Hurting a Friend to Learn

Capture d’écran 2015-03-17 à 12.37.05

I don’t like keeping secrets. Sure, I have my little garden of personal information that I wish to keep private, but keeping things that would be best shared with those concerned is another story.

See, I believe that I am an intrinsically good person. Why do I dare affirm that? Because all my life I dreaded to tell a simple lie. Living while knowing that I have hurt someone is unbearable to me.

It was very unpleasant to have to tell my parents that I was going to some girlfriend’s house and then having to tell them a made-up scenario for our activities, while the truth was that I went out to a church basement party or to a gay boy’s house, as for my social sake I couldn’t have missed the event. My parents would have thought that for sure I would’ve gotten pregnant.

All I wish for is to always live in my truth. With all the liars and pretenders out there, I want to make a point that I can be trusted and that I do live in transparency.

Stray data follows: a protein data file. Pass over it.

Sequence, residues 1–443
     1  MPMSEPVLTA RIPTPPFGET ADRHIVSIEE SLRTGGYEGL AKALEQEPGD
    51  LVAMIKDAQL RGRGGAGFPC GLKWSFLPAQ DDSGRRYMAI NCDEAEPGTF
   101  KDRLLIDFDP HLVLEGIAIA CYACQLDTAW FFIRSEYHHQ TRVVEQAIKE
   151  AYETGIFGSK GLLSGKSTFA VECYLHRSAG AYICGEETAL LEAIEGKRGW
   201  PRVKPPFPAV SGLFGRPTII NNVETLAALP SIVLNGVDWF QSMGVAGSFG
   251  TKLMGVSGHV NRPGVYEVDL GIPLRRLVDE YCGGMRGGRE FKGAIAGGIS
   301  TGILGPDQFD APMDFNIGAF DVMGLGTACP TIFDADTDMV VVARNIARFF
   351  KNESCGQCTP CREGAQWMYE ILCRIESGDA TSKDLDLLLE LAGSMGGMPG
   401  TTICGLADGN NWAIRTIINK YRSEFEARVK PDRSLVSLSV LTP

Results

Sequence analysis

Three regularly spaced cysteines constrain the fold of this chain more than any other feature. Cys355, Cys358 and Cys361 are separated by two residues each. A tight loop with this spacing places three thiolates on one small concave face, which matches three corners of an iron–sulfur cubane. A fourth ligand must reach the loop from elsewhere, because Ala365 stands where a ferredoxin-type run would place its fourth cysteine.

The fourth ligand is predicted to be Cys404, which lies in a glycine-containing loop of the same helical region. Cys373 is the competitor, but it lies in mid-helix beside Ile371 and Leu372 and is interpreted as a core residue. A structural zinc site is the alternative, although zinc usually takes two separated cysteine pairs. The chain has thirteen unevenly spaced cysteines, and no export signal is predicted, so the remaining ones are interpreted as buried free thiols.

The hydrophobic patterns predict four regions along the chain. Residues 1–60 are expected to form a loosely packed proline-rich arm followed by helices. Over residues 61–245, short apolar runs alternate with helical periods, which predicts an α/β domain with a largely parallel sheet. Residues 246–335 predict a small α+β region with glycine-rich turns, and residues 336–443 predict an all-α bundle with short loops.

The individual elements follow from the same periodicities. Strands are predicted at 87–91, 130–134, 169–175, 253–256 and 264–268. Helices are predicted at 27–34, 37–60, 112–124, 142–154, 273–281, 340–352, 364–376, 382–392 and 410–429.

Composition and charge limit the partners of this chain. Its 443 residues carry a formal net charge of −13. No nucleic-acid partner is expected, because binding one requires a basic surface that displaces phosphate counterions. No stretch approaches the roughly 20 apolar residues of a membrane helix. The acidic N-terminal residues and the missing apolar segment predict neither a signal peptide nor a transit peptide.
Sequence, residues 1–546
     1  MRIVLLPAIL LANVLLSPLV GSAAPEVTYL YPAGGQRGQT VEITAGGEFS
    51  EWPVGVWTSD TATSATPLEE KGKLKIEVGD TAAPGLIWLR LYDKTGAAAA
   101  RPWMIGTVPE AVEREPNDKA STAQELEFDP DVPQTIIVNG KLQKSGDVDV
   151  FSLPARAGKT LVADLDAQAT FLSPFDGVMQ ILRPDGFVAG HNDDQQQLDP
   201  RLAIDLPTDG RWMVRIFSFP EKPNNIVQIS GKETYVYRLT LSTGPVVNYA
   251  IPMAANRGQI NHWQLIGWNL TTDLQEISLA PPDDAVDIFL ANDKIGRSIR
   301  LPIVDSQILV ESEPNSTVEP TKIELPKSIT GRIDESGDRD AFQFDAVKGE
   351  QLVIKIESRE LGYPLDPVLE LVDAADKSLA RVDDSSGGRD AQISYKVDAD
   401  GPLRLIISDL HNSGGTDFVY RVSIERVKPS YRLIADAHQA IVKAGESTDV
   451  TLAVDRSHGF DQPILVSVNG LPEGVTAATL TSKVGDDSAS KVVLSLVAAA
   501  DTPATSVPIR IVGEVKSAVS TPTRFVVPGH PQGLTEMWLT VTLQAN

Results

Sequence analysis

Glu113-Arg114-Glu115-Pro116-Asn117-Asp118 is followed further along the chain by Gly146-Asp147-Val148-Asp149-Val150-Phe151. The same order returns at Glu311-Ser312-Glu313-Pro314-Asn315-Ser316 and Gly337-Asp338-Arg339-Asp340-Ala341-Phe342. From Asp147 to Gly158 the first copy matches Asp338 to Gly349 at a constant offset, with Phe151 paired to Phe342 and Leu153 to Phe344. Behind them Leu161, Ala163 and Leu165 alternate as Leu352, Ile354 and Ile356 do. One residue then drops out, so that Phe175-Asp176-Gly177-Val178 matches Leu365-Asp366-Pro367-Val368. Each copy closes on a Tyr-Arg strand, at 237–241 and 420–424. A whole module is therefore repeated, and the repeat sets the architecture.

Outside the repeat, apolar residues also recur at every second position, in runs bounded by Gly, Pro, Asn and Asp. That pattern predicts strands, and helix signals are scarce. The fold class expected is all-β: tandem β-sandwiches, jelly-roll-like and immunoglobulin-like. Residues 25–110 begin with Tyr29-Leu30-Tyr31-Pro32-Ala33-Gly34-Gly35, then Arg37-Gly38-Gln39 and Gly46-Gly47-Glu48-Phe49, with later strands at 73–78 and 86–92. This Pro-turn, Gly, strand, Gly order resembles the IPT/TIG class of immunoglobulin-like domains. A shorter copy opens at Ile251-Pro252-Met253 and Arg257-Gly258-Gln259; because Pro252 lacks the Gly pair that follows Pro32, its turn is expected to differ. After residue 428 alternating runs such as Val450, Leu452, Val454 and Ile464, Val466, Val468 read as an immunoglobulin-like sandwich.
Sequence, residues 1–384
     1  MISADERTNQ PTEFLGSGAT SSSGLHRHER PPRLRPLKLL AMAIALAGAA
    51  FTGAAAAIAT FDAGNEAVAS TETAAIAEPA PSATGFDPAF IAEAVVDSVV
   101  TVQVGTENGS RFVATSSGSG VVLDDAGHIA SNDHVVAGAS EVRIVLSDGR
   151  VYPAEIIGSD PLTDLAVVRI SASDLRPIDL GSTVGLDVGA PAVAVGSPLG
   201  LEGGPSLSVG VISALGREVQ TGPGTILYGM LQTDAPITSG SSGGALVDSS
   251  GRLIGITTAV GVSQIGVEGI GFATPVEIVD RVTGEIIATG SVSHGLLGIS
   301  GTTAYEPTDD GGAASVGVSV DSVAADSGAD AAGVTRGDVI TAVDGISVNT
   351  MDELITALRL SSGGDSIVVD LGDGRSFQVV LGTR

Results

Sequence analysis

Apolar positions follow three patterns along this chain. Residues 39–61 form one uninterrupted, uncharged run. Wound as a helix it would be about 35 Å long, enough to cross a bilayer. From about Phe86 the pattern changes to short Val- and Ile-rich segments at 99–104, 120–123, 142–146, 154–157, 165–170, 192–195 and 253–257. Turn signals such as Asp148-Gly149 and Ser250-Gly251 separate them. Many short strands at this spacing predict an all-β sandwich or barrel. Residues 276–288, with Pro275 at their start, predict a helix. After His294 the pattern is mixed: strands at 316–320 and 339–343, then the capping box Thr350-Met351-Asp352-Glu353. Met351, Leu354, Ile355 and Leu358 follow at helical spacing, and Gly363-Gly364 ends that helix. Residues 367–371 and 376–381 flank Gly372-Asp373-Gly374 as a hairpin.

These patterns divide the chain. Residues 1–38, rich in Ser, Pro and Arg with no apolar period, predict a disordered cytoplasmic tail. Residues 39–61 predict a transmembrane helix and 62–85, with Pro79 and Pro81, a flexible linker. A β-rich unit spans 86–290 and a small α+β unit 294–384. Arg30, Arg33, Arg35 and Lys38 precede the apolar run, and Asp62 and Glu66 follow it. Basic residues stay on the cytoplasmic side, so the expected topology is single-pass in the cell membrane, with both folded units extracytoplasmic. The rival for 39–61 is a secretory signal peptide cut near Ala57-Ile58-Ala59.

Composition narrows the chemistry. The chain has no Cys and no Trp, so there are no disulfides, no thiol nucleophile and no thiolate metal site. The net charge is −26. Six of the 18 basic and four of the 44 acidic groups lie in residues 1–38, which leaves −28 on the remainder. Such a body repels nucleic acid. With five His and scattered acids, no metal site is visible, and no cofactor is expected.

Well, oops, I made a mistake. Some mistakes can definitely be worse than others, like driving drunk and killing someone must be pretty harsh on one’s conscience. Some are smaller incidents, but all mistakes have in common that they were done, and they are part of the past so they cannot be undone.

I was recently re-reading Kundera’s novel The Unbearable Lightness of Being. One section was very enlightening. While elaborating on the prosecutions that followed the Russian communism invasion, he was saying that many people who were responsible for many deaths kept claiming: ‘‘I didn’t know, I am innocent.’’

Yes, before the events and as they were going on, many people weren’t disclosed sufficient information to know exactly what the impact of their actions was going to be. But as it happened and after, they were forced to face the repercussions and that is where a change in attitude became necessary. At first, they didn’t know, but then they knew. So now what? How will they react as they now know what consequences their actions had?

It is not so important as to whether the person was innocent in the first place, as what matters from this point of view is how the individual will take responsibility for what has been done.